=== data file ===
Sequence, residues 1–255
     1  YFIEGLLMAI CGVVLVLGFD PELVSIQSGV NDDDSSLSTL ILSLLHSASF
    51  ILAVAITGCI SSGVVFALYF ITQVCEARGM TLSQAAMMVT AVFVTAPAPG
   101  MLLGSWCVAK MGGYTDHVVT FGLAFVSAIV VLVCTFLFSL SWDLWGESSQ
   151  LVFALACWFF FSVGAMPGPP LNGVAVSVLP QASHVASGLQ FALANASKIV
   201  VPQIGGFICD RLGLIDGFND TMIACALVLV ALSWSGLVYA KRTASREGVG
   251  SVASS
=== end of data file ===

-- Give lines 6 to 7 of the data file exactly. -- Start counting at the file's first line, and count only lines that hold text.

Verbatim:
   201  VPQIGGFICD RLGLIDGFND TMIACALVLV ALSWSGLVYA KRTASREGVG
   251  SVASS